“The group project is aimed at the process of management and its functions in real organizations and the legal, moral, and ethical dilemmas we face as individuals and in our roles as part of the managerial process. Students will be divided into teams of three and provided a topic to work on but they will be working against each other. Each student will take either a “pro” or “con” side to a topic taken from business, government, or education. Further, each situation will be fraught with ethical considerations and ramifications. As individuals, each team member will search, discuss, analyze, and report information back to their classmates and course instructor with slide presentations they will post in the Discussion Board.
Again, each student will be provided with a topic to be handled by teams of three. Each team member will be presenting opposing arguments, one for and one against that topic, the third will play both roles. The point is that as managers, clarity of thought influences not only the quality of their life but all those who work for them. As decision-makers, managers often need to be willing to take a position and try to influence others to make a decision that they try to promote. To be effective, they should be willing and able to describe their rationale for the choice they made.
After a topic is assigned, students will develop PowerPoint slides to support their position (20 slides max, not including references slides listing your sources). The rest of the teams will ask at least one question per team, but no more than three questions, so each person may clarify/defend their position. The exception is that you may not ask questions of your counterpart who is arguing the opposite side of your position. Instructors will judge the quality of your presentation based on the criteria found in the rubric. Furthermore, the instructor may also question if they feel a position lacks merit. Additionally, instructors will look at the quality of your questions and answers to other students and at the end, a student’s rationale for choosing one side of an argument over the other.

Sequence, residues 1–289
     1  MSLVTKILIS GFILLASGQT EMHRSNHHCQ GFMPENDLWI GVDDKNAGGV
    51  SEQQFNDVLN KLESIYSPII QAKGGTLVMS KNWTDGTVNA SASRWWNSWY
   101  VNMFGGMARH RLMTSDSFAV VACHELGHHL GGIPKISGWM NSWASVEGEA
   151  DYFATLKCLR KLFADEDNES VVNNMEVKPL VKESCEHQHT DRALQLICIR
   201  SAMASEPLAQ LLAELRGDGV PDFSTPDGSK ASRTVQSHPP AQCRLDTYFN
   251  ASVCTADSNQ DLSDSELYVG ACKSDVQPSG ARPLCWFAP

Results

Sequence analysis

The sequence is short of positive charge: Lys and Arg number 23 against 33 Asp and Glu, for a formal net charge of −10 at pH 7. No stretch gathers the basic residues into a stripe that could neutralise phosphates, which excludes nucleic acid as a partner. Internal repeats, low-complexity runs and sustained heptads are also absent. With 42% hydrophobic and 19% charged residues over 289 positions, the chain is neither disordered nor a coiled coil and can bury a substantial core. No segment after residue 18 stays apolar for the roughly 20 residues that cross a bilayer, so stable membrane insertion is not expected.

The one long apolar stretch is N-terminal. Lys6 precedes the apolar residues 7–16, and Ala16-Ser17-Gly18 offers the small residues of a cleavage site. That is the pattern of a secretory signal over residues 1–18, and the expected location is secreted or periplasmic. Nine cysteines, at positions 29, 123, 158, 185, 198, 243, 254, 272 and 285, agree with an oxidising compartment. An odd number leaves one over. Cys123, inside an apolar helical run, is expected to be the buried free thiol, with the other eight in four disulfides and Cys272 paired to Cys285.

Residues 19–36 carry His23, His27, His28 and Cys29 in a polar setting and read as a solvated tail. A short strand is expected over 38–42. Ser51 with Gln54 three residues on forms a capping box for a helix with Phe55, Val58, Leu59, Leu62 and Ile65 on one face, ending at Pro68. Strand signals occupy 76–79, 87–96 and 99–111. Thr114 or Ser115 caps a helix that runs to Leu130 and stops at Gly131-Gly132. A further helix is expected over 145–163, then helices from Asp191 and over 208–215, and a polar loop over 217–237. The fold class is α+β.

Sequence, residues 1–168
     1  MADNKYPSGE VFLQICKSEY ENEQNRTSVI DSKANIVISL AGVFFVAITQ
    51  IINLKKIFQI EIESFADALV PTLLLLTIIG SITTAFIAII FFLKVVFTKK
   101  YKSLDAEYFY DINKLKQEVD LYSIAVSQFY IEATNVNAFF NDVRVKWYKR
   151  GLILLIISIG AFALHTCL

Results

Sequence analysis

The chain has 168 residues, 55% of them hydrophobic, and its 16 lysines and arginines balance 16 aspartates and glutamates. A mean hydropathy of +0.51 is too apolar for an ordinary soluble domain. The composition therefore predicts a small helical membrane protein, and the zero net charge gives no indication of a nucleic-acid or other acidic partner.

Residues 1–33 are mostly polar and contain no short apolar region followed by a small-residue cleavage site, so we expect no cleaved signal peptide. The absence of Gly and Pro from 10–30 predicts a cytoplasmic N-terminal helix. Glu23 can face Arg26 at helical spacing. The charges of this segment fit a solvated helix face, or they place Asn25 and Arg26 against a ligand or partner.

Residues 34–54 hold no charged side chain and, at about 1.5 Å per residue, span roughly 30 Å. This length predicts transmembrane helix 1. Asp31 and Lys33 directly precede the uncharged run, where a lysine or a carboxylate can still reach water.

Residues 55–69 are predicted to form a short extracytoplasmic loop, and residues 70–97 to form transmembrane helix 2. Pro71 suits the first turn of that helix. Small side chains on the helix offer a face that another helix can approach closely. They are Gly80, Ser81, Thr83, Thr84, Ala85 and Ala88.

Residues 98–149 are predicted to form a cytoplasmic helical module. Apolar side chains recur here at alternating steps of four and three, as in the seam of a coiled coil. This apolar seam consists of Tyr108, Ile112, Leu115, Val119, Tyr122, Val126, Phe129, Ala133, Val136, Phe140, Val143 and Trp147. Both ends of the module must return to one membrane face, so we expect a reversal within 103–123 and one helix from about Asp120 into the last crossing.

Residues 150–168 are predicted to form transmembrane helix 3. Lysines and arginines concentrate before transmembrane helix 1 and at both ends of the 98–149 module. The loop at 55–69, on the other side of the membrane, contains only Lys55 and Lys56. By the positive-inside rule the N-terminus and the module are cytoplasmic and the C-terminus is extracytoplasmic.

The slides will be posted on the Discussion Board for everyone to view by the date listed on the course schedule. All questions must be submitted to the Discussion Board and the answers posted by the scheduled dates as well. Finally, after all the questions are in and the questions answered, each student will select the position for each topic that they feel is the better of the two and explain their rationale for that decision in the Discussion Board, again as per the course schedule.
The point of this exercise is to help each of you develop clarity of thought. Be advised that instructors may ask pointed questions from each student to determine whether the basis of a position is an opinion or rationally based ideas on these topics. Just as with other assignments, facts, figures, and expertise, carry a lot more weight when arguing a position that does opinion alone.
Give the instructor and other students facts when arguing positions. Facts, data, and analysis in addition to insight are all potent tools in any manager’s arsenal. Finally, please note that some positions will be easier to argue than others when grading, instructors will take that into consideration as well. So even if it seems the other side has an easier position to defend, instructors will compensate for that issue.